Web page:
After years of operating without clear regulatory frameworks, self-regulated bitcoin exchanges and businesses will most likely be introduced to a new set of regulations and policies by the Indian government in the next few months.
Ever since the launch of Bitcoin in 2009, analysts and experts have stated that largely unbanked countries such as India present a potentially massive market for bitcoin. India has about 800 million unbanked citizens whose financial ecosystem and system worsened as a result of the Indian Prime Minister Narendra Modi’s decision to demonetize the widely used 500 and 1,000 bank notes.
The removal of the two banknotes led to nationwide financial turmoil and instability. Hundreds of millions of citizens have struggled to obtain cash to fund day-to-day operations and purchase necessities. India’s financial system deteriorated further when the country’s ATMs began to run out of cash.
According to State Bank of India (SBI) deputy general manager Ajoy Kumar, more than 90 percent of ATMs in India have no cash to dispense, and around 70 percent of ATMs in three districts are out of cash.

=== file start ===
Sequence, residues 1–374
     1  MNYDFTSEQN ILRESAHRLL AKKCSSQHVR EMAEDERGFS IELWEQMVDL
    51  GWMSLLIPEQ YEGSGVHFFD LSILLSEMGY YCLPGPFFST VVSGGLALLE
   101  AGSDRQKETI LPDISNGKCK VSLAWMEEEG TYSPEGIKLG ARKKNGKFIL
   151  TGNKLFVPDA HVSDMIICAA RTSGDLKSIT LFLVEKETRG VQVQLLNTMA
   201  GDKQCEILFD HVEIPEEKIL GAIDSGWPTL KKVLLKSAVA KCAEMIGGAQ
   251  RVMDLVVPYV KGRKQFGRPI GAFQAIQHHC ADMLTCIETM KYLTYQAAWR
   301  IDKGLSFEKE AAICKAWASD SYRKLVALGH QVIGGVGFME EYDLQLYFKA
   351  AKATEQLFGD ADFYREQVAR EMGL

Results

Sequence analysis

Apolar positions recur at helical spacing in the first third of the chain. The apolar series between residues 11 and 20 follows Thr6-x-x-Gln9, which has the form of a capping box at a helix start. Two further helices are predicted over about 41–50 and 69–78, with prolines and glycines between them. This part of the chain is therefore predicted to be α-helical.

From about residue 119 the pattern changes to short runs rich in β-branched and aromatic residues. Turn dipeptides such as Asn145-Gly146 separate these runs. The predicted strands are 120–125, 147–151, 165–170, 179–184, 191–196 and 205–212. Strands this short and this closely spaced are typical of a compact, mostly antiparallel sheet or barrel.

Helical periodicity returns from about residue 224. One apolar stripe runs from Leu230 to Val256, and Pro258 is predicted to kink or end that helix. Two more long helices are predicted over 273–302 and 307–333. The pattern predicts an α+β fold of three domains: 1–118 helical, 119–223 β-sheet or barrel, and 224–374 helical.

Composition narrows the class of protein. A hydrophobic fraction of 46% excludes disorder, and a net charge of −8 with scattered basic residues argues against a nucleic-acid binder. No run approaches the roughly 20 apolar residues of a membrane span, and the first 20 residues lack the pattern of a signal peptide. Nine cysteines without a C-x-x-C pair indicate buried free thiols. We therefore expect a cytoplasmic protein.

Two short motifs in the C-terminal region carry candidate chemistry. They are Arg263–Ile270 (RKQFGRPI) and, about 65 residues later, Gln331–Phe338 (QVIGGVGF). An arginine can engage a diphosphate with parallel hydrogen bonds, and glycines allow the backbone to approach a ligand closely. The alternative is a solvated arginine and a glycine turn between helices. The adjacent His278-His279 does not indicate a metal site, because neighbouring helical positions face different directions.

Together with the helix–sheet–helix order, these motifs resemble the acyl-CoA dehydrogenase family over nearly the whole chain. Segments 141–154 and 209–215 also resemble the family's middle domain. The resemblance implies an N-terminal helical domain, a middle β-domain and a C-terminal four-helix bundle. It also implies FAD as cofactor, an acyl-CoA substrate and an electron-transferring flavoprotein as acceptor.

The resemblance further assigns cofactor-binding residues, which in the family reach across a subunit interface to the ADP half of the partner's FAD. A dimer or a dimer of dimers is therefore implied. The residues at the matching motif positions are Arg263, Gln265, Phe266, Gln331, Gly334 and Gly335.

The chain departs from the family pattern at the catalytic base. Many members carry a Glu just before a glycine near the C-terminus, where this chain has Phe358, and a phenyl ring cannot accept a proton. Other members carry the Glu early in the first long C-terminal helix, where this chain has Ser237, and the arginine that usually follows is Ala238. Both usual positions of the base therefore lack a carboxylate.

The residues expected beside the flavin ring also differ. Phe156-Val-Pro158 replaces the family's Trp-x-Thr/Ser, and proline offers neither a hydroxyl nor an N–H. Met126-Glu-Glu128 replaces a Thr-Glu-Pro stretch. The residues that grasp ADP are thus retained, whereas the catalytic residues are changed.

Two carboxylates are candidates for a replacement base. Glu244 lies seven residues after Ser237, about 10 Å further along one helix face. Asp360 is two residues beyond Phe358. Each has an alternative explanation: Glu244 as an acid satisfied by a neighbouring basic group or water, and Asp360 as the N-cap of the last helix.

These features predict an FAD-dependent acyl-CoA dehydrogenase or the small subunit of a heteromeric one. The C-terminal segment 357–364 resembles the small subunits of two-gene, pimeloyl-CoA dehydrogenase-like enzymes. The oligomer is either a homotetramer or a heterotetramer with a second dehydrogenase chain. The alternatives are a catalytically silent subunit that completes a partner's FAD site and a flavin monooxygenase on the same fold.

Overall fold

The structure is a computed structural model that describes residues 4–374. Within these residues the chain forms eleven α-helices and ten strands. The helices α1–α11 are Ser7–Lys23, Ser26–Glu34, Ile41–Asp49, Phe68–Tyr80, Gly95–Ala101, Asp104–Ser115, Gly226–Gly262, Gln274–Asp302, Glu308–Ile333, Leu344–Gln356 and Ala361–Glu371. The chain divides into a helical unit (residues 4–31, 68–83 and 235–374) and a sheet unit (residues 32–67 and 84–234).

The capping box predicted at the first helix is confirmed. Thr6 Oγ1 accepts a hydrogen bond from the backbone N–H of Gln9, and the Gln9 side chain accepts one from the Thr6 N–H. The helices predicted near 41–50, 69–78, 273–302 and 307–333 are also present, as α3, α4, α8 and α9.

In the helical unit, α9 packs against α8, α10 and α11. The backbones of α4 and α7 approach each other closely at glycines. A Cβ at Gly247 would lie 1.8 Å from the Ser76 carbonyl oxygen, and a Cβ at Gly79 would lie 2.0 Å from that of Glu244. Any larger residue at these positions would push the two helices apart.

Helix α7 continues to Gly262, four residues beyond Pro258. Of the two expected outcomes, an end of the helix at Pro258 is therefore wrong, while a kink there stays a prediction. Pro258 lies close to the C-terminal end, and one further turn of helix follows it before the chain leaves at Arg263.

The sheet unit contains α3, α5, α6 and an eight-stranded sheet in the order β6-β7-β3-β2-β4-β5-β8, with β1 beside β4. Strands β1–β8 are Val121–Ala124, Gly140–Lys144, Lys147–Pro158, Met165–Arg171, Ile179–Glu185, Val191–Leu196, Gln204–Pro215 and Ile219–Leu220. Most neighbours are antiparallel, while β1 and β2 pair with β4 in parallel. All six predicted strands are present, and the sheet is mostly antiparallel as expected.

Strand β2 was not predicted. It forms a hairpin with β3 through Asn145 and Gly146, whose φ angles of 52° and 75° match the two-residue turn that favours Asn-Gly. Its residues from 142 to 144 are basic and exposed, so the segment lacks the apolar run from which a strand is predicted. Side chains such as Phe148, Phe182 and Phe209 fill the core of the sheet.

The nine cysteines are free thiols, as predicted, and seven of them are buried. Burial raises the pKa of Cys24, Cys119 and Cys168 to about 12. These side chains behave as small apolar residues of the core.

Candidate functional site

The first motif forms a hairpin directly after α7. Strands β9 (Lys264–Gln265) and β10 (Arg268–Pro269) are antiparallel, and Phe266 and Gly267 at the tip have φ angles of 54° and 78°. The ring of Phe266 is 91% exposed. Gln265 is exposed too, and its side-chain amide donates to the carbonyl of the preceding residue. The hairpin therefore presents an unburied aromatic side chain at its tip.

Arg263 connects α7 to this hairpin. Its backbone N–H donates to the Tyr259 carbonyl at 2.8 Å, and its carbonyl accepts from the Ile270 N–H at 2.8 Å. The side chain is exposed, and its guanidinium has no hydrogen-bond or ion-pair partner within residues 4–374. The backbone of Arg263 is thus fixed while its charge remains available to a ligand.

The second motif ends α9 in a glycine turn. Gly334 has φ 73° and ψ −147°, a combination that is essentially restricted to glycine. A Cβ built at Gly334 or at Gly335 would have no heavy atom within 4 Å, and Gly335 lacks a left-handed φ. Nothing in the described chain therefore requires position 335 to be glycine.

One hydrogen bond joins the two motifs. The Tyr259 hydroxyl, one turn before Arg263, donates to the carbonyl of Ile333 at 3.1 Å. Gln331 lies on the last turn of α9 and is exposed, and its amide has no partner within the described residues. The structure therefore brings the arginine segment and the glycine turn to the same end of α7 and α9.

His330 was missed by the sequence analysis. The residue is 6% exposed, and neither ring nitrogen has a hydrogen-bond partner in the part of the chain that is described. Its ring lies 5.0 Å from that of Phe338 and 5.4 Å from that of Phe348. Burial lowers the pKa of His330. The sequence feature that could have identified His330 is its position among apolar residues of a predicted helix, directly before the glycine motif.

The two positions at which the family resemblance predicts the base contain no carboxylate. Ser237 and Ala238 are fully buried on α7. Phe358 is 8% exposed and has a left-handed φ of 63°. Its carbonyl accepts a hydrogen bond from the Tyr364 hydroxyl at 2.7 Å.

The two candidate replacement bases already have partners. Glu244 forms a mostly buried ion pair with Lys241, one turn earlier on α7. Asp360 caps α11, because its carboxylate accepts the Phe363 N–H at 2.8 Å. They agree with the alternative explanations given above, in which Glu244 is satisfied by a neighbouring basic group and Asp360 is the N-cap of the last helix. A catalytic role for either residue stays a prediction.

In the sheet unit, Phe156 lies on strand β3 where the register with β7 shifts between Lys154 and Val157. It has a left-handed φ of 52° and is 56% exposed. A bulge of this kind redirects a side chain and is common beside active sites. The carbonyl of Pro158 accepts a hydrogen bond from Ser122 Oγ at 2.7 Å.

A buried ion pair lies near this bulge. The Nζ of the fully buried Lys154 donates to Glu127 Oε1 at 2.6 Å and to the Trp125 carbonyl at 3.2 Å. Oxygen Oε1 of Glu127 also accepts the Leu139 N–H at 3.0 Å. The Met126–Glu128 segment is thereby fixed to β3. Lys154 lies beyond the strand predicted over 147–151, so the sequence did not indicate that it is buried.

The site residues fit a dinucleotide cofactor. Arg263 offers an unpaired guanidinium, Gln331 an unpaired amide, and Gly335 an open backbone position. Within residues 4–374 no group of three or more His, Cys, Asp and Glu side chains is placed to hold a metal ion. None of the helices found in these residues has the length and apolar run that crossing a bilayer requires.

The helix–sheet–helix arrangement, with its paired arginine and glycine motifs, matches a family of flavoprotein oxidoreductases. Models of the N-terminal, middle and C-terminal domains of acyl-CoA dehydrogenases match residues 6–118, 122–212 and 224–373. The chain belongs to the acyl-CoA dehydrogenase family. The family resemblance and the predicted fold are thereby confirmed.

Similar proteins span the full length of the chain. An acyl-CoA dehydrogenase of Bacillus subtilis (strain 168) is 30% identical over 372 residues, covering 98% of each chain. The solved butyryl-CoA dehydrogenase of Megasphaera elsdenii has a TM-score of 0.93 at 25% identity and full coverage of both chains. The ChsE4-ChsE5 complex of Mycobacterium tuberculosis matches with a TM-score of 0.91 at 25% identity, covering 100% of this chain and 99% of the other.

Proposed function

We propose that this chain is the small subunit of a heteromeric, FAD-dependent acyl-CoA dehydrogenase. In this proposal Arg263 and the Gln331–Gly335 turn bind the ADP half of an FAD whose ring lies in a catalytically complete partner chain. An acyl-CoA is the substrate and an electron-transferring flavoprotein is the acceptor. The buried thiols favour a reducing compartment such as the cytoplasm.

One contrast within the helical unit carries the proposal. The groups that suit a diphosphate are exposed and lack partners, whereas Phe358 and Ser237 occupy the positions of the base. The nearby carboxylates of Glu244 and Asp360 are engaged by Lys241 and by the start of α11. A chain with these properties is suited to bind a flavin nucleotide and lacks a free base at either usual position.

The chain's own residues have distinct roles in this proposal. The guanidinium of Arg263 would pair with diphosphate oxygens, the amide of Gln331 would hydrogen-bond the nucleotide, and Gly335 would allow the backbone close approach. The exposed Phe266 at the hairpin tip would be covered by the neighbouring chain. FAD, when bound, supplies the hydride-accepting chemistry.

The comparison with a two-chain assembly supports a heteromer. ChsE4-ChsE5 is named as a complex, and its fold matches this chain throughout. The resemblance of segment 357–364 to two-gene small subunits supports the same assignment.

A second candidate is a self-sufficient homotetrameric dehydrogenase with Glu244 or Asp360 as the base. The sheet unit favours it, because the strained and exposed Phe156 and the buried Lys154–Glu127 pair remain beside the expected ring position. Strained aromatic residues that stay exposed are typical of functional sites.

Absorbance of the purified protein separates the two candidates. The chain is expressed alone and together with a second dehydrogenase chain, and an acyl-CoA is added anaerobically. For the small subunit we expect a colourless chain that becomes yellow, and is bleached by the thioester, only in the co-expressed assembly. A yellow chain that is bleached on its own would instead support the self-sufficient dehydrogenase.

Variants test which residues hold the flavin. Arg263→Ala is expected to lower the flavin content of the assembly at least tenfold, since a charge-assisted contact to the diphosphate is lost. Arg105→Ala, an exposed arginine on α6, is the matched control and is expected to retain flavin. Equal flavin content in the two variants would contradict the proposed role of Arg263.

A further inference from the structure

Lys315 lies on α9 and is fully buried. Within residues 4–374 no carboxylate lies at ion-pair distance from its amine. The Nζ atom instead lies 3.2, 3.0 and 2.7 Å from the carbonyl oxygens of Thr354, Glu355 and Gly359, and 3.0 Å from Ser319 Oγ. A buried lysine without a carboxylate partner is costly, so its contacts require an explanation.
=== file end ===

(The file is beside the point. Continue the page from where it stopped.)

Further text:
“Nearly 70 per cent of our 648 ATMs in the three districts are out of cash. The rest will also become dry in the next few days as we do not have cash to refill the machines. We are helpless from our side,” said Kumar.
While the state-supported monetary system has declined and demonstrated a high level of incompetence over the past few months, the demand for bitcoin has been on the rise. Major bitcoin exchanges including Zebpay and Unocoin have experienced huge mid-term growth in their trading volumes and user base.
Sunny Ray, co-founder of Unocoin, wrote:
“It took two years and ten months for Unocoin to reach 100,000 users. It only took another six months to reach 200,000